It was the year 1629 when in Spain Philip IV reigned, of who they say that he had around forty or fifty children, at least. The Count-Duke of Olivares handled the government affairs, and he came up with the idea of taking advantage of a wooded area on the outskirts of the town, to build a Palace in which the King and his court could spend their time listening to the birds singing.
And so this Palace called the Buen Retiro, which means Good Retreat, was not for directing or governing, but for recreation and rest for his majesty. Surrounding the Palace, gardens were created in which as well as in the building, there was a lot of improvisation. Apparently, the Count-Duke was always in such a hurry that planning things seemed to make him lose his valuable time.
The fact is that it was an excellent place for the royalty to have fun riding horses, hunting and having parties in the gardens and surrounding forests. This would last for more than two hundred years, although in the eighteenth century some changes were already made thanks to the renewed and enlightened anxieties of Charles III. He gave the place a lift, and he even allowed the entrance of the public, with certain limits and of course, as long as the rules of dress code were kept. And so, this way is how it began to look like an urban park.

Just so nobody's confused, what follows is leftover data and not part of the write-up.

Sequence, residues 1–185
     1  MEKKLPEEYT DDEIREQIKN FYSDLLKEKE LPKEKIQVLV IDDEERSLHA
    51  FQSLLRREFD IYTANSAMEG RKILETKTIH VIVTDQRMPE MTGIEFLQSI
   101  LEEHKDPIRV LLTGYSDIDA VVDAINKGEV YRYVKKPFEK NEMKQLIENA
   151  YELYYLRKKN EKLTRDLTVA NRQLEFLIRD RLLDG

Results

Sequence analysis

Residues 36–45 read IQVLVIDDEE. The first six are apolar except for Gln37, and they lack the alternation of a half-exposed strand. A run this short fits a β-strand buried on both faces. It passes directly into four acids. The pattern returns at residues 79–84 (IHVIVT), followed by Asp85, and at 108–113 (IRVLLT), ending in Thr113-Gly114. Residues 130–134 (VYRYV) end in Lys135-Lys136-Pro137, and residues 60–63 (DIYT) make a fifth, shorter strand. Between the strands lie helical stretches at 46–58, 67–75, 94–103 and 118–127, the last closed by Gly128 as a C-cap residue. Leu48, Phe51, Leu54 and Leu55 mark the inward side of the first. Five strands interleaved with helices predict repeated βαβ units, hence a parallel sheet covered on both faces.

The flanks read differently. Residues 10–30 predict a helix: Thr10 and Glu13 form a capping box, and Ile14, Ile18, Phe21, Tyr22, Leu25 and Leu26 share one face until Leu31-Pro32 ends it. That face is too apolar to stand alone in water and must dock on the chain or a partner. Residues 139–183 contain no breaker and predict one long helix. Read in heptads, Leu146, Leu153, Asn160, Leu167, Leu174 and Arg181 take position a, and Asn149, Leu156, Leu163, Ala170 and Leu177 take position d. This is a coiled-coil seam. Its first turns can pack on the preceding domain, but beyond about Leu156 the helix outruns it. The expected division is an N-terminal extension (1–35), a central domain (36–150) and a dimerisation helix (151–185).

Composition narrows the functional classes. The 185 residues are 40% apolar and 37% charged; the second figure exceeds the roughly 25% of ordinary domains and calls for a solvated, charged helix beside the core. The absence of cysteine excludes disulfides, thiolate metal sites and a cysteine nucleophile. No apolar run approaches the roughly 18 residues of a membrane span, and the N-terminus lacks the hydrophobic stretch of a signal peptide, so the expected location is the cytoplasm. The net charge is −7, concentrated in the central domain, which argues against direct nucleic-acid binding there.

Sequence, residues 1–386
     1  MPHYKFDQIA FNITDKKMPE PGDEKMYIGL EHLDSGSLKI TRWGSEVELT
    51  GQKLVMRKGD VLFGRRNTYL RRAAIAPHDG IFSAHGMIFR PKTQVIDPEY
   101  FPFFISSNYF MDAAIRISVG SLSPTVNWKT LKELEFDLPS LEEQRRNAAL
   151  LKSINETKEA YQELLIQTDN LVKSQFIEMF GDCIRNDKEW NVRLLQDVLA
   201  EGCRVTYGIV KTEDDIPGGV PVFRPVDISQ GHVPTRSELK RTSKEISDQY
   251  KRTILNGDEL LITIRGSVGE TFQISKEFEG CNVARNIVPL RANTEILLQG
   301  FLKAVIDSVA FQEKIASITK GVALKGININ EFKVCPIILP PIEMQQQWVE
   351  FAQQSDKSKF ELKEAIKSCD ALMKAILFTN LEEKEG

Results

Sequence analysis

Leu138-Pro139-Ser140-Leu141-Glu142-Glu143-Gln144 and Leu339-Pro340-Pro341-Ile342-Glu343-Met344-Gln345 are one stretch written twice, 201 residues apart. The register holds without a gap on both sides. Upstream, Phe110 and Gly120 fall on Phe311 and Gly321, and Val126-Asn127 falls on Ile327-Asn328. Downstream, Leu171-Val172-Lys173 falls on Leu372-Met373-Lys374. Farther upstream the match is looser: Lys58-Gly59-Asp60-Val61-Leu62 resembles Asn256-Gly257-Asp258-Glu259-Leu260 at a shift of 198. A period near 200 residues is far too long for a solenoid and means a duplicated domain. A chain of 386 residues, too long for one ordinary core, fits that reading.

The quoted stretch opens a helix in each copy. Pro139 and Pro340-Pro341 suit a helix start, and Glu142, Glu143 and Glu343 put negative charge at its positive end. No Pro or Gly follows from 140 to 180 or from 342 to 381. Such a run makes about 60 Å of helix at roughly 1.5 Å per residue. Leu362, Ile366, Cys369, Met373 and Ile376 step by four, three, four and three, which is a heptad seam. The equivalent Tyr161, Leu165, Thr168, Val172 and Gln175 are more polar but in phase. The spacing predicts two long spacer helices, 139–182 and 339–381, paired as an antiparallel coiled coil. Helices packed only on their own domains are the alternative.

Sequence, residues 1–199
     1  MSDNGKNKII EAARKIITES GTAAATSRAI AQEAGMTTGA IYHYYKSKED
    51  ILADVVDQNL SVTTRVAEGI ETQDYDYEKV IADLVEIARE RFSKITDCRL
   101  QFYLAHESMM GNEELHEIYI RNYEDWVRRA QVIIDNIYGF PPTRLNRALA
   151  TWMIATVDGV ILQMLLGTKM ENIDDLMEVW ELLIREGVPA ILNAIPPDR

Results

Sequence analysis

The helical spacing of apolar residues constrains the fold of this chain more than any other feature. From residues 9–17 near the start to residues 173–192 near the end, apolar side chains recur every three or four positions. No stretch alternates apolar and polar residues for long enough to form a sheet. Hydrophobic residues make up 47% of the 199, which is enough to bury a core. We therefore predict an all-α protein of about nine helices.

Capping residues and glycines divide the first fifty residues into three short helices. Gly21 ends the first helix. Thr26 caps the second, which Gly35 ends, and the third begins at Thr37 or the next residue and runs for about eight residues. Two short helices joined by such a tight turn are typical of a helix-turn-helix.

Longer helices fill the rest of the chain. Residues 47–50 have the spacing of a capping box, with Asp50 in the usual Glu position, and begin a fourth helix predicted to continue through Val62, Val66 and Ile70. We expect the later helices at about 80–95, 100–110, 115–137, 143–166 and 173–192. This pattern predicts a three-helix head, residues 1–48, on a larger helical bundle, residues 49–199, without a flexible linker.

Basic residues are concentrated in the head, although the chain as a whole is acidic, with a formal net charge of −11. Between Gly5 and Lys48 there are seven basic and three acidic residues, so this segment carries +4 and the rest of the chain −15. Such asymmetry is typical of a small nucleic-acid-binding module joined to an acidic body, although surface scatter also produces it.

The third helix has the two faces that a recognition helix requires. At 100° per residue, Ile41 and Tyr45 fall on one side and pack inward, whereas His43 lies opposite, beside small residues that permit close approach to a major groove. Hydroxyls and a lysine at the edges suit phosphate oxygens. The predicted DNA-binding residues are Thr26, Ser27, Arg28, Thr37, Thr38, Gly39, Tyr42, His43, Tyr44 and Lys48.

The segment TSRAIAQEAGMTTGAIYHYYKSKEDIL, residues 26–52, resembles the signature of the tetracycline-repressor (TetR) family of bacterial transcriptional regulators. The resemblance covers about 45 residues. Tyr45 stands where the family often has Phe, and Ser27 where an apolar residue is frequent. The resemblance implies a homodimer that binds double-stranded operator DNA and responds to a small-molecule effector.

But during the War of Independence, Napoleon’s troops camped in El Retiro, and they spent their spare time destroying and ruining everything, but it is also true that José Bonaparte, the very brother, allowed the people of Madrid to have free access to the park. When Ferdinand VII returned, he kept one part open to the public and reserved another for his royal walks, this was known, precisely, as El Reservado, meaning The Reserve.
The Revolution of 1868 had to arrive in order for El Retiro to become the property of the municipality of Madrid and now entirely a public park. During the following years, they undertook a lot of works that added great doors, ponds and fountains like the famous and morbid of the Fallen Angel, placed in 1885. One of the very few monuments dedicated to the Devil that exist in the world. And that by the way, coincidence or not, is at an altitude of 666 meters above sea level.
Although the tribute to Lucifer has taken all the fame, the park keeps many other things to see, such as the Crystal Palace, the monument to Alfonso XII in the Big Pond, the Royal Observatory, the Fisherman's House or the Gate of Philip IV.
So, go on and take an exciting and healthy walk!